Brachycephalic Dog Owners Should Be Prepared to Handle Their Canine's Health Problems
Sat, April 10, 2021

Brachycephalic Dog Owners Should Be Prepared to Handle Their Canine's Health Problems

 

You might think of brachycephalic dogs as those that have a certain type of canine disorder, said Jean Marie Bauhaus of Hill’s Pet, a website dedicated to pets’ nutritional needs. While it is something you would want to avoid, the term “brachycephalic” applies to some of the most popular dog breeds.

The word “brachycephalic” comes from two Greek words, which mean “short” and “head,” explained Blue Cross, an animal charity in the UK. Brachycephalic dogs are known for their shortened snouts, making them appear flat-faced.  Some examples are French and English bulldogs, bull mastiffs, Boston terriers, shih tzus, pugs, boxers, Pekingese, and Lhasa apsos. However, this term can also be applied to mixed breed dogs that have inherited this trait.

Survey Illuminates the Truth About the Dog-Owner Relationship Among Brachycephalic Dog Owners (2019)

Rowena M.A. Packer and colleagues of Plos One, a peer-reviewed open access scientific journal, received a total of 2,168 responses from owners of Pugs (789), French Bulldogs (741), and Bulldogs (638). The participants were from the UK (72%), USA (13.9%), and Canada (2.4%). The most common veterinary diagnoses were allergies (27%), corneal ulcers (15.4%), skin fold infections (15%), and BOAS (Brachycephalic obstructive airway syndrome) (11.8%).  

Allergies (33.7%) and skin fold infections (22.4%) were more prevalent in Bulldogs. Other common disorders for Bulldogs were entropion and/or ectropion (19.1), corneal ulcer (14.6%), and BOAS (11.4%). For French Bulldogs, the most common disorders were allergies (28.9%), skin fold infection (14.2%), and BOAS (14%). For Pugs, corneal ulcer (22.9%), allergies (19.8%), and BOAS (10%) were the most prevalent disorders.

Overall, surgeries mostly involve the widening of the nostrils (8.2%), the eyelids (8%), soft palate resection (7.6%), and corneal surgery (4.2%). The most common surgeries performed on Bulldogs were eyelid surgery (18%), soft palate resection (6.4%), and nostrils widening (5.5%). French Bulldogs underwent nostrils widening surgery (10.7%), soft palate resection (9.3%), and laryngeal saccule resection (3.6%). For Pugs, surgeries involve nostrils widening (8.1%), soft palate resection (7%), and corneal surgery (6.1%).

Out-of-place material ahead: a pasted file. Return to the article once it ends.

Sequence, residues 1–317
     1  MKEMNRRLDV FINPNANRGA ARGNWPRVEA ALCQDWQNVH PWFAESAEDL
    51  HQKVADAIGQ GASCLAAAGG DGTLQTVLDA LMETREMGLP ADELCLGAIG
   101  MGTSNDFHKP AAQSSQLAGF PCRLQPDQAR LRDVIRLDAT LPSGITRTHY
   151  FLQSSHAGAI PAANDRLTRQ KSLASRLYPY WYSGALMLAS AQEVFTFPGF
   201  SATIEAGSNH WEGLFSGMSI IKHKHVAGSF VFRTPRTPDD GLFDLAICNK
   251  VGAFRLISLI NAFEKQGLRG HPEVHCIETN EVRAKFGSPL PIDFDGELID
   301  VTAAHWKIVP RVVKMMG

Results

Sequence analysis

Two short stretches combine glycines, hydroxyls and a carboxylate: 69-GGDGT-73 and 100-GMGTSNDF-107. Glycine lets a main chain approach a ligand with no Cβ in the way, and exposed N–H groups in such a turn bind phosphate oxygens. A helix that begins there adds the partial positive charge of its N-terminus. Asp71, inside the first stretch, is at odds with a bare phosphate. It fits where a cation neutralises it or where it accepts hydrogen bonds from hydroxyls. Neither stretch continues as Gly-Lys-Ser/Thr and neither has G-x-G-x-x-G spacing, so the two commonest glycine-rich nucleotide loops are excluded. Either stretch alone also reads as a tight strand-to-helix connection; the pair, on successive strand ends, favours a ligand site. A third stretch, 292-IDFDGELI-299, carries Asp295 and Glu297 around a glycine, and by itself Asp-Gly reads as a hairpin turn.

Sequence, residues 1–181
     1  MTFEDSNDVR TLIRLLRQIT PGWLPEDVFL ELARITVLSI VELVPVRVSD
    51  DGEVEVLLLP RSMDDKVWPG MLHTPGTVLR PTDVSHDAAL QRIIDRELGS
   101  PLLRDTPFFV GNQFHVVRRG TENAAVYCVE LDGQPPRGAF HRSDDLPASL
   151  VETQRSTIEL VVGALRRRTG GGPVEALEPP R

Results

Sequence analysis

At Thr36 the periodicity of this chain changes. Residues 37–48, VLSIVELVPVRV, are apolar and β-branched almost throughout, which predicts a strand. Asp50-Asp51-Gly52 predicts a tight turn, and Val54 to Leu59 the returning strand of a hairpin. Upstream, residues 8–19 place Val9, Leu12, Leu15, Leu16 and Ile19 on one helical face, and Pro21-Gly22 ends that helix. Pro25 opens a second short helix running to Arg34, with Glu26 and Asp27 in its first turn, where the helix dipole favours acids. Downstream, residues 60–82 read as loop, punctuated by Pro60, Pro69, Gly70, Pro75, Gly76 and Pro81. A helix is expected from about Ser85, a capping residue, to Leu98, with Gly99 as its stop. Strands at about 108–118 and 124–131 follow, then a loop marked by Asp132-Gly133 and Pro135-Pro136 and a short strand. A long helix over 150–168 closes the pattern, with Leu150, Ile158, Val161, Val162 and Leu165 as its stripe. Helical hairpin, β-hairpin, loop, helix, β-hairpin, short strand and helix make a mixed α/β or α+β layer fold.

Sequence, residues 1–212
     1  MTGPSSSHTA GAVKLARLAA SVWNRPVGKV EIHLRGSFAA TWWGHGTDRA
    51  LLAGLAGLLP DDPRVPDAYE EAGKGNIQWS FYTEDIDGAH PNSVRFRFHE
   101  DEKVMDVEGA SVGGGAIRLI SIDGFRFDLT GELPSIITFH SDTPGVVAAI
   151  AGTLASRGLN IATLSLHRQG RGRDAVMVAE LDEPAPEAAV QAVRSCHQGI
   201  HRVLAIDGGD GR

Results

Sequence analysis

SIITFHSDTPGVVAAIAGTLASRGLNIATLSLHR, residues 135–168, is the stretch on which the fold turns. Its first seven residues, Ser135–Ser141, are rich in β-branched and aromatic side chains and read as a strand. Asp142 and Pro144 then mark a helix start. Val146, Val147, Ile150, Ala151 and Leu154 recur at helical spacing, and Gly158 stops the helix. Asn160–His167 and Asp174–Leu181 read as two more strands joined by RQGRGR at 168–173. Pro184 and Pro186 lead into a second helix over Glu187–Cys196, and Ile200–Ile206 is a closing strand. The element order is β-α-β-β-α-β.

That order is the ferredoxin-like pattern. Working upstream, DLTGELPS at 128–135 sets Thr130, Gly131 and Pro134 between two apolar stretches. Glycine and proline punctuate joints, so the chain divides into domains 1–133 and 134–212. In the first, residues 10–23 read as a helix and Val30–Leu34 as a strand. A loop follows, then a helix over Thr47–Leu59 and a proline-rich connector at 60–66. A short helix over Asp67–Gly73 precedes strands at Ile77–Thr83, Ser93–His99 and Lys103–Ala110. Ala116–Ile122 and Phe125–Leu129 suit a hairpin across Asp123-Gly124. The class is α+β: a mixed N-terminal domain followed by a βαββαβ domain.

60.7% of 275 brachycephalic bitches free whelped, while 9.8% had cesarean section— elective or emergency (one litter). Only 6.6% needed veterinary assistance with medication (one litter) (6.6%). Bulldogs were commonly free whelped (all litters), underwent cesarean section— elective or emergency (one litter) (27.6%) and more than one litter (14.9%). All litters of French Bulldogs free whelped or underwent cesarean section— elective or emergency (one litter) (31.6%) and more than one litter (11.4%). Likewise, all litters of Pugs were free whelped, though the bitches underwent cesarean section— elective or emergency (one litter) (10.1%) or had veterinary assistance with medication (one litter).

 

 

Overall, 65.4% of owners answered “met expectations” for the variable “veterinary costs” while 21.7% and 13% said they more than or less than expected the cost of veterinary care, respectively. 66% said that expectations surrounding exercise levels were met, whereas a smaller proportion of respondents answered “less than expected” (9.9%) and “more than expected” (24.1%).  Expectations surrounding maintenance levels were met (82.2%), though some respondents said that maintenance levels answered “less than expected” (8.4%) and “more than expected” (9.4%).